Author Archives: christiancourier517

1Kings 7; Eph. 4; Ezek.37; Ps.87,88

Psalms 88: 13 ~ HELP!

But I cry to you for help, LORD;

   in the morning my prayer comes before you.

But I don’t want to ask for help!

Confession: I am allergic to asking for help. If I’m stuck on a homework problem, my first move is to try and figure it out myself before shooting the prof an email. It’s only in the most dire of circumstances that I’m willing to call a friend if my tire blows out or I’m stranded on the highway. And even then, I’m reluctant to make the call.

Our need for help, however, is the basis for our fulfillment in Christ. As David Powlison puts it in A Praying Life,

“Helplessness is how the Christian life works.”

He borrows from the words of Thomas Merton:

“Prayer is an expression of who we are…We are a living incompleteness. We are a gap, an emptiness that calls for fulfillment.”

A state of helplessness is in fact a most desired state. While I struggle to maintain the image that I’m doing fine on my own, Jesus says blessed are the meek. When tempted to try my own way and resist help, Jesus says I must be like a little child to enter the kingdom of heaven.


Help! I need help.

I need your help to admit my helplessness. I need your help to understand your upside-down kingdom and live like a little kid. I don’t like being vulnerable or incapable. But this is where I will find  you and your life.

Thank you,



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2 Sam. 16; 2 Cor. 9; Ezek.23; Ps.70,71

My mouth will tell about your righteousness, and of your salvation all day, though I don’t know its full measure.

Amazing God,

Your righteousness is immeasurable  and your works of goodness towards me are countless. 

I praise you and thank you for being truly limitless in your goodness.

Teach me to count on your righteousness and salvation.

Even though I will never be able to number the ways in which you love me,

I want to grow in finding more of you in my life.

The work of redemption ought, above all God’s works, to be spoken of by us in our praises. The Lamb that was slain, and has redeemed us to God, is worthy of all blessing and praise. – Matthew Henry



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1 Sam. 31; 1 Cor.11; Ezek. 9; Ps.48

Jerusalem is in shambles.

The temple is defiled. The eyes of Israel looks to false gods.

God speaks to Ezekiel and shows him all of the iniquities of his people. He is jealous and vengeful towards the Israelites. He seems even a little bit… harsh?

“Therefore will I also deal in wrath; mine eye shall not spare, neither will I have pity; and though they cry in mine ears with a loud voice, yet will I not hear them.” Ezekiel 8:18

Where is the God of love and peace? The God of mercy and grace?

When He commands that the temple be filled with the bodies of the slain, even Ezekiel is aghast at the utter wrath of God: “While they were killing and I was left alone, I fell facedown, crying out, ‘Alas, Sovereign LORD! Are you going to destroy the entire remnant of Israel in this outpouring of your wrath on Jerusalem?'” Ezekiel 9:8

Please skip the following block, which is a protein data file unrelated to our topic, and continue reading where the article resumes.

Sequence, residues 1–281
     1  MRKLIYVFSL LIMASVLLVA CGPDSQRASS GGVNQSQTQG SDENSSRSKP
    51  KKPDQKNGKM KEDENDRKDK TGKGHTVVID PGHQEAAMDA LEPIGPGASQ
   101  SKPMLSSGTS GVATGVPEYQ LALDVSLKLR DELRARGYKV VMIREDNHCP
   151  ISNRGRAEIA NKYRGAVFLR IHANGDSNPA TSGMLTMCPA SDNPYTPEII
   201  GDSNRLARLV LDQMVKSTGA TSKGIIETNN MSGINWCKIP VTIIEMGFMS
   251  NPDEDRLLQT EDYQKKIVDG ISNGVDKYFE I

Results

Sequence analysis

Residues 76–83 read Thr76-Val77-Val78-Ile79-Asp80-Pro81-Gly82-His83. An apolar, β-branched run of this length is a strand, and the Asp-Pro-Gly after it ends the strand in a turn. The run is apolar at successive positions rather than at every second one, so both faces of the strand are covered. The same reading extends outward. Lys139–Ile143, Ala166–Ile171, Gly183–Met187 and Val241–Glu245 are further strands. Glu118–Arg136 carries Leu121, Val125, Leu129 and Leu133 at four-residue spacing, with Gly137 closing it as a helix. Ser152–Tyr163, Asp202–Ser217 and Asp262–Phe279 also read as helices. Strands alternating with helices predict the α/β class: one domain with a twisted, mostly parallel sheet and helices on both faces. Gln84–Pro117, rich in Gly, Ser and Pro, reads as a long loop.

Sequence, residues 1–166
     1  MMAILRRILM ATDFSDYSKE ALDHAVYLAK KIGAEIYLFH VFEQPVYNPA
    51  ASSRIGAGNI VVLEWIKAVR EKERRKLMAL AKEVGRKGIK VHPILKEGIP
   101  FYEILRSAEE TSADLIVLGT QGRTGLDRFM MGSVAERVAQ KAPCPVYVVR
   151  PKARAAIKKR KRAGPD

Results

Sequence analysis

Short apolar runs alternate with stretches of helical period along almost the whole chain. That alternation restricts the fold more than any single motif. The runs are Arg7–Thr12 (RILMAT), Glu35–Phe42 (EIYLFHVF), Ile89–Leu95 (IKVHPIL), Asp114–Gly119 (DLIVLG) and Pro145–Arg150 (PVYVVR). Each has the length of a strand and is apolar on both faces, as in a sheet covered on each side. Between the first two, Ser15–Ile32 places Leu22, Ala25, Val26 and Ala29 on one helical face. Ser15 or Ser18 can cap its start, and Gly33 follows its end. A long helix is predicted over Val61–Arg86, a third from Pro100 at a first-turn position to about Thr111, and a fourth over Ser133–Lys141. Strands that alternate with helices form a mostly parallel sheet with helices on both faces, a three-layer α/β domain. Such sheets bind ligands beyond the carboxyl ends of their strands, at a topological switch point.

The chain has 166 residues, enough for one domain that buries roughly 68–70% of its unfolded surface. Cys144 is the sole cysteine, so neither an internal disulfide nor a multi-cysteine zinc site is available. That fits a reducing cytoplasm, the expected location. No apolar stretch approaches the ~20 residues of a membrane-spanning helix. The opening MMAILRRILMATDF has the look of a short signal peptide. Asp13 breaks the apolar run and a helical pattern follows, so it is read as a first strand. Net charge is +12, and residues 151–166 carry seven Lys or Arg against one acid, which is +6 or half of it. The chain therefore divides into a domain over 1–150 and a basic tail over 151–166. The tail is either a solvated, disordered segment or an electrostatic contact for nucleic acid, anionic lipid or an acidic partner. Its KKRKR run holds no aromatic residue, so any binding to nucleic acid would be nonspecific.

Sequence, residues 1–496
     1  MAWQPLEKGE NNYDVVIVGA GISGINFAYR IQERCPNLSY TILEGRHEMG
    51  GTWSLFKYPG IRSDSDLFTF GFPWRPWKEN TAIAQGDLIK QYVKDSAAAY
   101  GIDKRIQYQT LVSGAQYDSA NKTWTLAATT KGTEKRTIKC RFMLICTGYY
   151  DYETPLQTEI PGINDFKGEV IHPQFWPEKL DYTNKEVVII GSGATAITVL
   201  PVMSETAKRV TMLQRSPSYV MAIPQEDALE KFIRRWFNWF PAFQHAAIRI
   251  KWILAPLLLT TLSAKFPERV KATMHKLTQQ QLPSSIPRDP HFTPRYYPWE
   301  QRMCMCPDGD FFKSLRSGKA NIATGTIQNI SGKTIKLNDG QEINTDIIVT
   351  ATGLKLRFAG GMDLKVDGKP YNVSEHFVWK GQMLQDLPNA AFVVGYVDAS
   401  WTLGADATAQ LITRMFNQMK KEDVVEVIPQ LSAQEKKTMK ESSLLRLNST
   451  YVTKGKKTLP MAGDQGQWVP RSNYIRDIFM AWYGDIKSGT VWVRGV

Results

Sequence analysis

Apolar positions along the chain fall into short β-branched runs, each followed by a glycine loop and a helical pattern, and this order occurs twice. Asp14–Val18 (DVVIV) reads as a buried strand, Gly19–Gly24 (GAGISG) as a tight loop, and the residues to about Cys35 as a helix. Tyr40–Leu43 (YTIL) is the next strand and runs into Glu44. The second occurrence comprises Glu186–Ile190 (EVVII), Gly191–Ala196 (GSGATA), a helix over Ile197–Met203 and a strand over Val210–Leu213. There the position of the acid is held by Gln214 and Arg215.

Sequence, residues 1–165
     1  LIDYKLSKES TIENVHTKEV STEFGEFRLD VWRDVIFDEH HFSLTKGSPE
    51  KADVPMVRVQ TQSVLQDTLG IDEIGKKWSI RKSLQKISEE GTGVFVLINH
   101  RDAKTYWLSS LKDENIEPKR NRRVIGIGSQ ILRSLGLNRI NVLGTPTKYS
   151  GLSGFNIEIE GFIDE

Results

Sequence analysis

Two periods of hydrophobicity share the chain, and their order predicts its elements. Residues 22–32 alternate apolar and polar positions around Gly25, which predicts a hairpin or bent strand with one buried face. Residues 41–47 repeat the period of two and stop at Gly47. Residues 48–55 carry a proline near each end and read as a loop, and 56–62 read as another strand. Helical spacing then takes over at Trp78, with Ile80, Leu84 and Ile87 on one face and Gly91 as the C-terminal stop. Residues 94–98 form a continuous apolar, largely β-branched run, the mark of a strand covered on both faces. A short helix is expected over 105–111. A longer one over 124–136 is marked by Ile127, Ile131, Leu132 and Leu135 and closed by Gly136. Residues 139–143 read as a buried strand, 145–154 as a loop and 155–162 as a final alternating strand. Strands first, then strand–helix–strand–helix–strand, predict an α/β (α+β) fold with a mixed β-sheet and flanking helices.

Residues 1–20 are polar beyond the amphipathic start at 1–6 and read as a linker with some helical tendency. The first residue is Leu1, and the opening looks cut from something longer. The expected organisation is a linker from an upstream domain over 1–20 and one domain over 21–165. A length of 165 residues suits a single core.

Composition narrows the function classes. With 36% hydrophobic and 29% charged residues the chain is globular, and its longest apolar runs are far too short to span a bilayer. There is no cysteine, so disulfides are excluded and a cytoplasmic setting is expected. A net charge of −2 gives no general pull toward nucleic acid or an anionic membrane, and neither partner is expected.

Where is the mercy in this act of destruction? Is God just some ruthless judge out smite evil-doers and idolators? Is He just some jealous, insecure boyfriend who cringes when some better looking god walks by?

No, in fact, God’s wrath is the surest sign of His mercy and His jealousy the mark of His wholeness. God is jealous not because He desperately needs our attention but because He is holy and His holiness calls us to purity. Therefore, God’s jealously is a longing for our salvation and always for our good.

As if God needed anything from us! His wrath is meant to purify us and pull of from self-destructive idols. This is His mercy. His jealously is to call us back into fulfilling relationship with Him and purify us. This is His holiness.


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1 Sam. 15; Rom. 13; Jer. 52; Ps. 31

There was nothing complicated about the command:

Kill all the Amalekites.

Apparently it was too complicated for Saul. He made good on warning the Kenites to get out of town to be spared complete destruction, destroyed most of the Amalekites, but spared the king, some livestock, and anything good he could benefit from.

God speaks to Samuel remorseful that he ever made Saul king. Samuel feels God’s grief and comes to Saul. Then things get sticky. 

Here’s where Saul goes wrong:

1) He is boastful in his sin. He greets Samuel as though he done the right thing and rejoices in his victory. 

2) He casts blame on his soldiers for the act, proving well that he knew what he had done was wrong. He doesn’t own up to his sin and places the fault on his people.

3) Even when confronted with Samuel’s straight forward accusation, Saul tries to justify his action by saying he has done exactly the right thing. “I did obey the voice of the LORD, and went on the [mission on which the LORD sent me, and have brought back Agag the king of Amalek.”

Bringing back Agag was not in the plan. I think Saul brought him back for bragging rights, as a trophy to say, “I had the opportunity to slay the king but in my power withheld.” Saul was on a power trip.

Then, Samuel lays the challenge:

Does the LORD delight in burnt offerings and sacrifices 
   as much as in obeying the LORD? 
To obey is better than sacrifice, 
   and to heed is better than the fat of rams. 

Saul finally confesses, owns up, and admits his fear. But there are still consequences.

The story isn’t finished, though. As Samuel leaves, Saul reaches for his cloak and tears it. Sam says: 

The LORD has torn the kingdom of Israel from you today and has given it to one of your neighbors—to one better than you.  He who is the Glory of Israel does not lie or change his mind; for he is not a human being, that he should change his mind.